Caring for Our Children (CFOC)

Chapter 1: Staffing

1.7 Staff Health

1.7.0

1.7.0.4: On-Site Occupational Hazards

Content in the standard was modified on 02/04/2022.


Early care and education programs should have written policies and procedures that inform staff about the major occupational health hazards, how to limit exposures, and how to minimize adverse effects if exposed. Staff may be exposed to the following categories of hazards, listed in Appendix B: Major Occupational Health Hazards:

  • Infectious diseases
  • Environmental factors (e.g., noise, odors, toxins)
  • Risk for injury
  • Risk for stress (e.g., children’s challenging behaviors, inadequate benefits)

Pregnant staff may be considered at higher risk for some exposures.1 Up-to-date information about occupational hazards in early care and education programs should be available to all staff.

RATIONALE

Early care and education staff members need to learn about and practice ways to minimize risk of illness and injury and promote wellness for themselves.2 Staff members who are of childbearing age or pregnant should be encouraged to discuss with their primary health care provider the potential exposure to occupational risks that could harm their unborn child.1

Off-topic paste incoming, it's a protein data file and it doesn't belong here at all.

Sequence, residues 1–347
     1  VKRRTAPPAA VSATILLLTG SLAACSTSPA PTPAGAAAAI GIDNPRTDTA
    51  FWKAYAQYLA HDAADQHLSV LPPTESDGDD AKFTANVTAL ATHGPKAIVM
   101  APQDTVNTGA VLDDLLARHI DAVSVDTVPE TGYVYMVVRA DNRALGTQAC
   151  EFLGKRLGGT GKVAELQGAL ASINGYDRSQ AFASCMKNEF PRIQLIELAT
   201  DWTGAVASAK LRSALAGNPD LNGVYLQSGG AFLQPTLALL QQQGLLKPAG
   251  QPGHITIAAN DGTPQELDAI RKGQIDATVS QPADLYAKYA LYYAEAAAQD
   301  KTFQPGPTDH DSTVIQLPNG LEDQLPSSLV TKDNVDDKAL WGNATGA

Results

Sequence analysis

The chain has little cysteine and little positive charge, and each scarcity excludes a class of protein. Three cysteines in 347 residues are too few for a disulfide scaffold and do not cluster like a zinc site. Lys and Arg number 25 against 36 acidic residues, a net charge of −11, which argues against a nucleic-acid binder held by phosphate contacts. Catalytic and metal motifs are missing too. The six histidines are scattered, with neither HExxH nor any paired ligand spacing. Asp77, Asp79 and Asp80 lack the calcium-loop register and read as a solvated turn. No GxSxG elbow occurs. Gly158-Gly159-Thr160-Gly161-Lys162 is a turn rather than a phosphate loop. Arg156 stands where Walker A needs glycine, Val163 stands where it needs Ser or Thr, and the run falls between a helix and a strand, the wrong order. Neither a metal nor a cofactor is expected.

TYPE OF FACILITY
Center, Early Head Start, Head Start, Large Family Child Care Home
RELATED STANDARDS
1.7.0.1 Pre-Employment and Ongoing Adult Health Appraisals, Including Immunization
1.7.0.5 Stress
3.3.0.1 Routine Cleaning, Sanitizing, and Disinfecting
3.6.1.4 Infectious Disease Outbreak Control
5.2.1.6 Ventilation to Control Odors
5.2.3.1 Noise Levels
5.2.9.11 Chemicals Used to Control Odors
5.7.0.7 Structure Maintenance
6.2.5.2 Inspection of Play Area Surfacing
7.2.0.3 Immunization of Staff
7.6.1.3 Staff Education on Prevention of Bloodborne Diseases
9.4.1.9 Records of Injury
Appendix B: Major Occupational Health Hazards
Appendix D: Gloving
Appendix L: Cleaning Up Body Fluids
REFERENCES
  1. Radaucuanu R, Bouslama M. Risks for adverse pregnancy outcomes and infections in daycare workers: an overview of current epidemiological evidence and implications for primary prevention. Int J Occup Med Environ Health. 2020;33(6):733-756. doi: 10.13075/ijomeh.1896.01549
  2. American Academy of Pediatrics. Managing Infectious Diseases in Child Care and Schools: A Quick Reference Guide. Aronson SS, Shope TR, eds. 5th ed. Itasca, IL: American Academy of Pediatrics; 2019.
NOTES

Content in the standard was modified on 02/04/2022.